Remember Where You Came From : One key to leading organizational change

History

There was a saying when I was growing up an older generation used often — I don’t hear it as much anymore.

“Don’t forget where you came from.”

And, if you were one of my relatives — talking to me — you might have said it with emphasis.

“Don’t forget where you came from — boy!”

I think there’s a good leadership principle there too.

“Don’t forget where you came from.”

An organization will have different leaders. Different styles. Different approaches.

But, it should never forget where it came from.

The church where I pastor has a 105 years of history. Most of those were before me. :) (103 of those years.)

We’ve seen tremendous changes and tremendous growth in the two years I’ve been here. I’m honored. Pumped. Encouraged.

I’m convinced, however, that one of the reasons we’ve grown is that we’ve tried not to forget this principle.

We have held numerous celebrations of the past. We hung banners in our halls celebrating the decades long gone. We invited past leaders back to celebrate milestones with us. I consistently remind people this didn’t start with me.

If you are attempting to grow in an established environment and culture, you need to celebrate from where you came.

Celebrate the past.

Celebrate the past leadership.

Celebrate the triumphs.

Celebrate the pain.

Okay, maybe celebrate is a tough word for the painful times, but certainly remember what the church was able to overcome.

I watch too many leaders who think they can turn change on a dime ignoring all that happened in the past. That’s especially true if the most previous leader left in more difficult times. It’s sometimes easier to create new energy if you can ignore the past. I’m not convinced, however, that it’s the healthiest or best way.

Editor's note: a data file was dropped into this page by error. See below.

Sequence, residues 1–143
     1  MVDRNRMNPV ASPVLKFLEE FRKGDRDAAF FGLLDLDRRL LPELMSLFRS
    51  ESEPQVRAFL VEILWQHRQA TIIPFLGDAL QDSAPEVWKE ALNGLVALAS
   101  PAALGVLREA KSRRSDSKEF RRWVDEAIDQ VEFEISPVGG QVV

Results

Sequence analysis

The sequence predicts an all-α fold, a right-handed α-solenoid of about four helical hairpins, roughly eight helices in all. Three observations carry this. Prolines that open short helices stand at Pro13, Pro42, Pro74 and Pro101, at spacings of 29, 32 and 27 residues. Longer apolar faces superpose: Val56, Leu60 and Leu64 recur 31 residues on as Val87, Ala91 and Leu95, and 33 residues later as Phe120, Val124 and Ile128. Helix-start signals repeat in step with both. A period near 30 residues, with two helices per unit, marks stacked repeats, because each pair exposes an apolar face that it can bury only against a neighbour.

Leadership may be able to move that quickly, but people usually can’t. They need closure. They need time. They need to remember — and for their leaders to remember — from where they came. Those times were important monuments in their life.

Not only has living this principle worked well for my leadership, I’m personally convicted it’s the right thing to do.

Remember where you came from — boy. (Or girl)

Please note: I reserve the right to delete comments that are offensive or off-topic.

Leave a Reply

Your email address will not be published. Required fields are marked *

Add video comment

Have you Subscribed via RSS yet? Don't miss a post!

3 thoughts on “Remember Where You Came From : One key to leading organizational change

  1. Apart from "Don't forget where you came from", there is another known saying which also gives out a possible consequence to those who don't look back. It is, "Those who don't look back from where you came from won't be able to make it to the place where they would want to be. For me, looking back hasa lot of use. It help me see how far I've come and it made me remember of things that I don't want to happen to me again.